Cucurbit Genetics Cooperative Report 3:31 (article 17) 1980
Male Sterile-1: Stability of Expression
J. D. McCreight
U. S. Agricultural Research Station,
Salinas, CA 93915
Muskmelon male sterile-1 reported by Bohn and
Whitaker (1) has not been utilized in F1 hybrid melon production.
Plant breeders report ms-1/ms-1 plants difficult
to identify. Some breeders have stated that the male sterile
phenotype is not stable and have concluded that ms-1
is, therefore, of no value for melon hybrid production.
I report evidence indicating that expression of ms-1/ms-1
is stable, but that expression of male fertile siblings
Progeny 21322, and F1 from a cross of two plants heterozygous
for ms-1, was planted in the greenhouse in a 1:1
soil: sand mixture in a greenhouse flat; 48 seeds per flat.
Staminate flowers were scored at anthesis for male sterility.
Two to four flowers were scored per plant by two methods.
First, presence of pollen was determined by rubbing the
anther across the tip of a finger. Second, a crude squash
mount of an anther was stained with acetocarmine or methyl
blue and observed under low power magnification (100 X)
for presence of pollen. A flower was scored as fertile if
any pollen-like material was rubbed from the anthers. A
flower with even the slightest amount of pollen-like material
was scored as male fertile. All flowers from which none
or only a slight amount of pollen-like material was rubbed
from the anthers were examined microscopically for presence
of pollen. A plant was score as male sterile only if all
flowers were scored as male sterile by both methods.
Progeny 21322 segregated 74 Ms-1/_:27 ms-1/ms-1; a close
fit to the expected 3 fertile: 1 sterile ratio, x2 = 0.1616.
A few male sterile plants produced at least one flower with
distorted pollen grains similar to those reported by Bohn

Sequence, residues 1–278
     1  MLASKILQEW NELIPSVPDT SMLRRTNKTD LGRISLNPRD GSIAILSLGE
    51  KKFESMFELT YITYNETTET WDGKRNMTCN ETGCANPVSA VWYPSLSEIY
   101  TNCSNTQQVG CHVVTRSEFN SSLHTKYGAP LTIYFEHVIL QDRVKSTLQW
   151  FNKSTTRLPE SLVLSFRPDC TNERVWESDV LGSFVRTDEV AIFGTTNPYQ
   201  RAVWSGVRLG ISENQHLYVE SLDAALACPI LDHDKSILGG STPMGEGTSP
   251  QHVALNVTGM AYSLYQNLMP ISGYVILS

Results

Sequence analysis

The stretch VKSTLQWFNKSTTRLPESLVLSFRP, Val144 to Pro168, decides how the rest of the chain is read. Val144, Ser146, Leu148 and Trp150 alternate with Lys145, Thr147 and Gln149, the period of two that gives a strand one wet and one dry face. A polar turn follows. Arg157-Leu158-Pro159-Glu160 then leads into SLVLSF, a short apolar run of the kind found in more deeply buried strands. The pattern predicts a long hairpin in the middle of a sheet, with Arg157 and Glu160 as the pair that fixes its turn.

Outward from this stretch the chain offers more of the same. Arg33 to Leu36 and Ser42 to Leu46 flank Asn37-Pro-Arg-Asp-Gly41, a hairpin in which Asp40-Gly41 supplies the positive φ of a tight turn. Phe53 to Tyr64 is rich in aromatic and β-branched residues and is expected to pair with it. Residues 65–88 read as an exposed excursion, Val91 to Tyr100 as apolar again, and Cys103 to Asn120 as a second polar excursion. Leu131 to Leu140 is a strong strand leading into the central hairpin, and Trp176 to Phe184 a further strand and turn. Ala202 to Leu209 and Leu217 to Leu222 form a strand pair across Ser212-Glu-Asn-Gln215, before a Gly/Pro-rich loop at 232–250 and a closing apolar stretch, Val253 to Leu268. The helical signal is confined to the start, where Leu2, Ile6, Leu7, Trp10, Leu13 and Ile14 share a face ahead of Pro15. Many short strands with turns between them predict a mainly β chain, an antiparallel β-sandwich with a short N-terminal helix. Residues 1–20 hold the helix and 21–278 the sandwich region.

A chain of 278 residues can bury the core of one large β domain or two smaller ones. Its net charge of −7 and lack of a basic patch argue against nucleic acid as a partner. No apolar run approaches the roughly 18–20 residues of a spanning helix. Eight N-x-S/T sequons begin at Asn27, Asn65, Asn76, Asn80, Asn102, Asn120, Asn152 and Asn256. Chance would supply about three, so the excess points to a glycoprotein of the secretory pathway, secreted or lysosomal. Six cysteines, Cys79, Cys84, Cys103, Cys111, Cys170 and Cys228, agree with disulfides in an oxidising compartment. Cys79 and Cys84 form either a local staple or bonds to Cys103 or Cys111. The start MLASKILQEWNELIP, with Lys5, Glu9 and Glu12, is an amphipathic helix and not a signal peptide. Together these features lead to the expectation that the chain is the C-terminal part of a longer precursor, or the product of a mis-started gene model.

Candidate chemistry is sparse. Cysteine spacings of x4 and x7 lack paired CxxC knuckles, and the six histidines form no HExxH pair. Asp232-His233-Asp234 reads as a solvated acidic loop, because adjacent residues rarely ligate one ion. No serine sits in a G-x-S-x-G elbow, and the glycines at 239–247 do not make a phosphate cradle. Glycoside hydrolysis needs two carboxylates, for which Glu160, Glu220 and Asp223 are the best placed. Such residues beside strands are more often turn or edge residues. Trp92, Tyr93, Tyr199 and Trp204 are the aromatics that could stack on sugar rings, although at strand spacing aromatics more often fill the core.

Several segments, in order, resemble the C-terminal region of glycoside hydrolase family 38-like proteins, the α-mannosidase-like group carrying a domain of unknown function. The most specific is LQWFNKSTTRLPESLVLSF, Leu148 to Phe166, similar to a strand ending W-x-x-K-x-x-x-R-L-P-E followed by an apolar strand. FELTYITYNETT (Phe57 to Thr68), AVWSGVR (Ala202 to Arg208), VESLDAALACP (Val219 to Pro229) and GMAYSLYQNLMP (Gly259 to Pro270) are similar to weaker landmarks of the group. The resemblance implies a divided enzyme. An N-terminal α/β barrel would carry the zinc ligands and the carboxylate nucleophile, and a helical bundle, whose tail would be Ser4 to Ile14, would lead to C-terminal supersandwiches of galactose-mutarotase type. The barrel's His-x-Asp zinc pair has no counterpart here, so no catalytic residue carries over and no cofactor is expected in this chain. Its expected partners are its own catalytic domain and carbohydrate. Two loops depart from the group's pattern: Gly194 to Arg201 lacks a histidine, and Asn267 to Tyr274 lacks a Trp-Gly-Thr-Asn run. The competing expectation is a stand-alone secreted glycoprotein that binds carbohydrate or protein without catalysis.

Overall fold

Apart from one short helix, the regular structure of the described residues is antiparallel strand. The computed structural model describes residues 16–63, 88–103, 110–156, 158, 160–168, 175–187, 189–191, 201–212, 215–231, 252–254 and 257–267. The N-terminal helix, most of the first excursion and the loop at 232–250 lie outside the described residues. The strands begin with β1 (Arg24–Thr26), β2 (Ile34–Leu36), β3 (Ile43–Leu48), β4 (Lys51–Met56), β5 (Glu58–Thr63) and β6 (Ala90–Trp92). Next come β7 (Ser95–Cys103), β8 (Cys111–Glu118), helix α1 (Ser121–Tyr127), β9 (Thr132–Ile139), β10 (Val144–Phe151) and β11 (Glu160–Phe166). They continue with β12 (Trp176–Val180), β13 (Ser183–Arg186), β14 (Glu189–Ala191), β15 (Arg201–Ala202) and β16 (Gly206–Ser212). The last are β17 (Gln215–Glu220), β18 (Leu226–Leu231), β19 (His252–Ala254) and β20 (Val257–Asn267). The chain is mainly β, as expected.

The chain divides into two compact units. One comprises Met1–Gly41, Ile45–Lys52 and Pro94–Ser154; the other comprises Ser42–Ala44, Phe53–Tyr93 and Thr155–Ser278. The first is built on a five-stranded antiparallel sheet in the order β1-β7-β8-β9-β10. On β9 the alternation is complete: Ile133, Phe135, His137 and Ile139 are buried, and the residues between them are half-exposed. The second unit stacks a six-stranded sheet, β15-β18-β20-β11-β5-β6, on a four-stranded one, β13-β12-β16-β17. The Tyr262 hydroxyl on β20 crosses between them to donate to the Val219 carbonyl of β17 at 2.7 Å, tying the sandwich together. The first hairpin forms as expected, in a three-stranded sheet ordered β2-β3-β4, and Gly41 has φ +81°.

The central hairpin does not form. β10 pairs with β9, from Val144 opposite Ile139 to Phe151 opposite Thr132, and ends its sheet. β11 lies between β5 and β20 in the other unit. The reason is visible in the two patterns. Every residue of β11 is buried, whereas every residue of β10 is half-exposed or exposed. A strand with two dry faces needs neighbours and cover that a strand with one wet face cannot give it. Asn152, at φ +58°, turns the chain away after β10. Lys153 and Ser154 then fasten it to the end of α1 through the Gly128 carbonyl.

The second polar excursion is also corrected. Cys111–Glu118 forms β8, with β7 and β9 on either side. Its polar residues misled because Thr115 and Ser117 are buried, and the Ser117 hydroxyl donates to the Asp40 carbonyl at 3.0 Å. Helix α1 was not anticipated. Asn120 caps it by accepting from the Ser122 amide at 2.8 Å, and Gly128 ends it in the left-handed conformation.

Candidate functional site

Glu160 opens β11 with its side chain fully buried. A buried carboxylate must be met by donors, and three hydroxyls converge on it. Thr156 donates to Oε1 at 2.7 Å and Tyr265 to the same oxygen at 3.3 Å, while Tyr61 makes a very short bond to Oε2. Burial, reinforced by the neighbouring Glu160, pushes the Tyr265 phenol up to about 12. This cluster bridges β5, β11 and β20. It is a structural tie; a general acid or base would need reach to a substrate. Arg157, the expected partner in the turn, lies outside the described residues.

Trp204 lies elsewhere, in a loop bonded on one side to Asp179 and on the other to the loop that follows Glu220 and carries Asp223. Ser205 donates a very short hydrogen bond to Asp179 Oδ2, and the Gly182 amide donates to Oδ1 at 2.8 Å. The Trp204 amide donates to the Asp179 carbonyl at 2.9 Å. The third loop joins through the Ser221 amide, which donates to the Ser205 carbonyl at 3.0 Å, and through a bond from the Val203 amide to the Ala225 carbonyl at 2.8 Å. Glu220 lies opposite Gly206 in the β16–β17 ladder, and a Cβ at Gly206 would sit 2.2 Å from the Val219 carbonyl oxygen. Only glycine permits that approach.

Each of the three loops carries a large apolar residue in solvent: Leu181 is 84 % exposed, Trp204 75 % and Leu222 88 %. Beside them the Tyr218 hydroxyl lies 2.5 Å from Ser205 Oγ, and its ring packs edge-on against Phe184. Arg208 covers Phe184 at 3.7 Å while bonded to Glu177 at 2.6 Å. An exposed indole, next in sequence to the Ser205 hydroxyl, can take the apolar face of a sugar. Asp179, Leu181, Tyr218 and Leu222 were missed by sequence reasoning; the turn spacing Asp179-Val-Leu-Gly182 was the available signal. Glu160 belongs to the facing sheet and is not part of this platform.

and Whitaker (1) in ms-1/ms-1 plants. Male fertile
segregates produced three types of flowers with respect
to amount of pollen that was rubbed from the anthers: abundant;
sparse; and none. Three fertile plants produced flowers
that were observed to have no pollen when microscopically
examined. Thirteen percent of the flowers on male fertile
plants were scored as male sterile; 34% of the male fertile
plants had at least one sterile flower.
These results indicate that phenotypic expression of ms-1/ms-1
is stable. The source of confusion in selecting ms-1/ms-1
plants in a segregating population is variation in expression
of male fertile plants. Once a male fertile flower is found
on a plant, that plant should be scored male fertile and
rouged from the seed field. Before leaving a plant identified
as male sterile in the seed field, several (3 to 4) flowers
should be scored male sterile. It is essential to confirm
identification of male sterile plants by observing stained
anther smears under low power magnification. I have observed
as many as ten flowers on a plant to be male sterile when
check by rubbing the anthers. When examined under the microscope,
they were, however, fertile.
- Bohn, G. W. and T. W. Whitaker. 1949. A gene for male
sterility in muskmelon (Cucumis melo L.). Proc.
Amer. Soc. Hort. Sci. 53:309-314.